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What’s New in Civic Tech: 6 Major Cities Get I-Teams

Plus, Ohio state technologists collaborate to build a new tool aimed at connecting job seekers with employers and Virginia unveils plans to funnel $11.1 million into workforce tech projects.

A person about to press a power button next to the word "innovation."
Six major world cities will be partnering with Bloomberg Philanthropies on three-year grants that will fund Innovation Teams (i-teams) in their city halls, officials have announced.

Those cities are Amsterdam; Bogotá, Colombia; Mexico City; Reykjavík, Iceland; San Francisco; and Washington, D.C., and they are joining a program with a robust legacy. The goal of the i-teams program is to push forward digital transformation in ways that improve the lives of residents, especially now as local governments the world over work to recover from the COVID-19 pandemic.

Specifically, being selected for this program means that the cities will now get financial support and technical advice from Bloomberg, the value of which will total about $17 million to be split between the cities. The goal is for this to enable the cities to hire new innovation specialists while also benefiting from premiere coaching and advice. The criteria for the selection of the six was “the success and ambition of their current digital efforts and their mayors’ commitment to creating more digitally inclusive and connected cities,” according to the press release announcing the selection.

In terms of the program’s legacy, the i-teams program was started all the way back in 2011, and it has now funded work in more than 40 cities across the globe. Cities all over the U.S. have benefited from this program, which has long had a goal of ensuring that the innovation work it funds lasts long past the three-year grant window that being selected includes. Previous selectees for the program include some of the most influential innovation cities, from Boston to Anchorage, Alaska.

What’s new about this group of cities is that it’s the first in which the innovation work has a strong and stated focus on digital transformation, rather than innovation more broadly, be it analog or online. This — as the press release again notes — is a direct result of how crucial digitized service showed itself to be during the pandemic.

Indeed, the past 12 months have seen a veritable sea change in the government tech and innovation sector as far as how the work is perceived. Elected officials are now armed with tangible examples of how vital this work is, which means greater public buy-in and many other cultural benefits that support the progress of the work.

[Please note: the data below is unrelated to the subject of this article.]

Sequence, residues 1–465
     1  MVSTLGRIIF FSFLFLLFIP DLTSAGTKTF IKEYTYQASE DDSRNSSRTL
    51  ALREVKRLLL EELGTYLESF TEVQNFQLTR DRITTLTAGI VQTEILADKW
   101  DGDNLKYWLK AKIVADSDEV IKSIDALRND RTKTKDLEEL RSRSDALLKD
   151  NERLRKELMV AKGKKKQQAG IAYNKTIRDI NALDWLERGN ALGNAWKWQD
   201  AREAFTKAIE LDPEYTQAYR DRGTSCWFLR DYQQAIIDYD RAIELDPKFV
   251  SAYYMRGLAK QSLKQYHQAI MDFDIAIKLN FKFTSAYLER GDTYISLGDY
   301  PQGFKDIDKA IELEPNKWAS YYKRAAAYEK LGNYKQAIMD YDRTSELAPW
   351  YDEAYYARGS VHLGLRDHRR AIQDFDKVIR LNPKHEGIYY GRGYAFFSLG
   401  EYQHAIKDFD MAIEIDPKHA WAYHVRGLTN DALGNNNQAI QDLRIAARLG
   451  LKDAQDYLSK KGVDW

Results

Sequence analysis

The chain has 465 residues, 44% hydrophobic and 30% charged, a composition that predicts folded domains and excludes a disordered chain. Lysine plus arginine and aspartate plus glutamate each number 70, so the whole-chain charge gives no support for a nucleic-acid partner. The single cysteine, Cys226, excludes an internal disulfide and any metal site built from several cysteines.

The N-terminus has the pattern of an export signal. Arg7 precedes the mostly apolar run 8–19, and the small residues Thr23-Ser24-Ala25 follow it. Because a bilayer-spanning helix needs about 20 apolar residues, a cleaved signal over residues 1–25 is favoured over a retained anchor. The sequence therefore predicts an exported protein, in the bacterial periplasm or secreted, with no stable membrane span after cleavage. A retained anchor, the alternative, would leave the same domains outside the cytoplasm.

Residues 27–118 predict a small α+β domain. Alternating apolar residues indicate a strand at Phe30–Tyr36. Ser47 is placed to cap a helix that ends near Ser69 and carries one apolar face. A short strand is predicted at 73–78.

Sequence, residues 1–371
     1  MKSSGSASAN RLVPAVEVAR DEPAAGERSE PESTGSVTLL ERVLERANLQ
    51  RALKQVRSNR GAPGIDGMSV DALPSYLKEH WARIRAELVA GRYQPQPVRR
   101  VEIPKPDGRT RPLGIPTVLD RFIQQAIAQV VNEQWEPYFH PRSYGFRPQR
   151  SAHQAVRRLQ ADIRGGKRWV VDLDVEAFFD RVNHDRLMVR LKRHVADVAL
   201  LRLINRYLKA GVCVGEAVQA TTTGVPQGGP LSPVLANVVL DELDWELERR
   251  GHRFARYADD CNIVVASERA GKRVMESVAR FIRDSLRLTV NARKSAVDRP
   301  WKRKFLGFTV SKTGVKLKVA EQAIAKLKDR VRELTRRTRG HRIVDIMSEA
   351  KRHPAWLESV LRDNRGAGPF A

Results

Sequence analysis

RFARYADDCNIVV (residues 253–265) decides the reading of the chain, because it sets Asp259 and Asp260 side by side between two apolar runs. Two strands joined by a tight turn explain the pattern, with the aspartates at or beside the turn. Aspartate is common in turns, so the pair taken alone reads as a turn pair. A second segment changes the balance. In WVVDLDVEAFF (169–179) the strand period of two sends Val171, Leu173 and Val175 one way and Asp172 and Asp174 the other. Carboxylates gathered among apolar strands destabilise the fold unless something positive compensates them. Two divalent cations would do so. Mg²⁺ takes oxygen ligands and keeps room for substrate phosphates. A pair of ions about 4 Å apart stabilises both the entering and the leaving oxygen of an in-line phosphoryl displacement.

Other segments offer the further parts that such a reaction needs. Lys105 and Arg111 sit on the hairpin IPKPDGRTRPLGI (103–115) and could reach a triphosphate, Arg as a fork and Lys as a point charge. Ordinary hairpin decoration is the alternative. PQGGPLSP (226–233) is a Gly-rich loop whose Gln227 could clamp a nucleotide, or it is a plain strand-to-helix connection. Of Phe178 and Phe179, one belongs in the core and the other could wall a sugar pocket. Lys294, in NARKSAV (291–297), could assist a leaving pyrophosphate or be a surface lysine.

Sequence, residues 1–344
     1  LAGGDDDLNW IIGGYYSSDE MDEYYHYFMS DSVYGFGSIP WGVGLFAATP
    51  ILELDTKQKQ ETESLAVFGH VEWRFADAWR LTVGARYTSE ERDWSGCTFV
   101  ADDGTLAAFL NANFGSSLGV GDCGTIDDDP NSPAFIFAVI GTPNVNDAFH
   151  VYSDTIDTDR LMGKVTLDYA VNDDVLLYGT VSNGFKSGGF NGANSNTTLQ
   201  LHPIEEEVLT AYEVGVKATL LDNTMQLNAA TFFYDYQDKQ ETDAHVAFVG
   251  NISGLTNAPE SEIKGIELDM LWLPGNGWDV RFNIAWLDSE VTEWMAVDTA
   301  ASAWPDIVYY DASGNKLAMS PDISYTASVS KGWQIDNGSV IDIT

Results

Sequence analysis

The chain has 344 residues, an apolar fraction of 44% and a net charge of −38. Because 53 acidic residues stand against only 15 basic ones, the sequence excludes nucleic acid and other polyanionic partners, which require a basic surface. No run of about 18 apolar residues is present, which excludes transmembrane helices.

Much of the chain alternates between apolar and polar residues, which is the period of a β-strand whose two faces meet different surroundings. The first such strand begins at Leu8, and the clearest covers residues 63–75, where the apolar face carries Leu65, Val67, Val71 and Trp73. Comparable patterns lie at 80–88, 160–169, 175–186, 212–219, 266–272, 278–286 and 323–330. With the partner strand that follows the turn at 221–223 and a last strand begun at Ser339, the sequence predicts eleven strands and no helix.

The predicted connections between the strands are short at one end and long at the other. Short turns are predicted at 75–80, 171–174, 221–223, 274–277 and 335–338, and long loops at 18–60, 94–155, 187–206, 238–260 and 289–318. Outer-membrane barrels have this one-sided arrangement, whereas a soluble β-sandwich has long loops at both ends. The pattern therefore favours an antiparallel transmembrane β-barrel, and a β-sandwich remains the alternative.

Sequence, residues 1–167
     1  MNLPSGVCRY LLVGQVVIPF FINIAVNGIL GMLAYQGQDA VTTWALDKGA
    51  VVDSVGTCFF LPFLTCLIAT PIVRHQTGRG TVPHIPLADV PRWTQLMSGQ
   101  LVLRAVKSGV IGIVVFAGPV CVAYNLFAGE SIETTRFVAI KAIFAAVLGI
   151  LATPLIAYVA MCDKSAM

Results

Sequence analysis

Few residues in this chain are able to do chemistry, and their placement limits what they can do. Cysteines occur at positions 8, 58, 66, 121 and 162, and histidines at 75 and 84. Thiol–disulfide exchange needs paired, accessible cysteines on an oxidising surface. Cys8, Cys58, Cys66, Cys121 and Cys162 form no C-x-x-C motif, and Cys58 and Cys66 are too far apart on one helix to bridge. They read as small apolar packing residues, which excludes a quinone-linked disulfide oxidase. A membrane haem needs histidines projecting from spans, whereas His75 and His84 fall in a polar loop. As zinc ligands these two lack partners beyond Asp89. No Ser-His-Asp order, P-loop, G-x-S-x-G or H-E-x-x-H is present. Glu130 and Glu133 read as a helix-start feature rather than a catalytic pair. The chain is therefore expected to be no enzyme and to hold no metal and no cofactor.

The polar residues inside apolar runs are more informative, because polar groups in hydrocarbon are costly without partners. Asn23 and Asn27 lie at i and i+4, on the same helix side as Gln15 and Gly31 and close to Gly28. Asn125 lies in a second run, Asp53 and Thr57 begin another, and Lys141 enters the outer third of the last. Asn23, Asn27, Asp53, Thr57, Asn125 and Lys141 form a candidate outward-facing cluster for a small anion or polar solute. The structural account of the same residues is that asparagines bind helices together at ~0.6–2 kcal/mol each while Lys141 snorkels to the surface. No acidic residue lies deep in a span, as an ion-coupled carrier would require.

“During COVID, San Francisco experienced tremendous success by following the data and science to help protect public health,” said San Francisco Mayor London Breed in the press release. “Our data-driven approach helped us deliver better services and build trust at a very challenging time for our City. Thanks to the support of Bloomberg Philanthropies, we can build off the lessons learned from COVID and improve how San Francisco serves all of its residents, and create a more efficient, accessible, and equitable government as we emerge from this pandemic.” (Zack Quaintance)


Ohio has launched a new online resource aimed at connecting job seekers with potential employers.

Dubbed SkillsMatch, the tool can be found at It is intended to connect jobseekers in the state with employment opportunities. With this platform, users upload resumes, and then the resource extracts data about their skills from that resume in order to connect them with relevant job listings based on that information.

Developed through the Office of Workforce Transformation, InnovateOhio and the Ohio Department of Job and Family Services, the tool works with the OhioMeansJobs website to gather data that will help create better matches. That website currently has over 185,000 jobs posted.

The tool also shows job seekers how their skills compare to those required in a particular job posting. It will also let them know if particular skills are missing from their resume. (Julia Edinger)


Virginia is investing $11.1 million in a series of grants called Growth and Opportunity for Virginia (GO Virginia), and that program has components aimed at innovative projects in the workforce development space.

Specifically, the money will go toward 20 projects that focus on workforce development, supporting startup businesses, and expanding Virginia’s collection of business-ready sites. Some of the projects focus on training the future workforce with technology skills to fill skills gaps, while others focus on things like technology-based entrepreneurship. Some are geared towards the workforce in general.

GO Virginia is an existing program that has funded 182 projects since it was created in 2017. It has awarded $68 million to economic development efforts. More information about GO Virginia can be found on the state’s Department of Housing and Community Development website. (Julia Edinger)
Associate editor for Government Technology magazine
Julia Edinger is a staff writer for Government Technology. She has a bachelor's degree in English from the University of Toledo and has since worked in publishing and media. She's currently located in Southern California.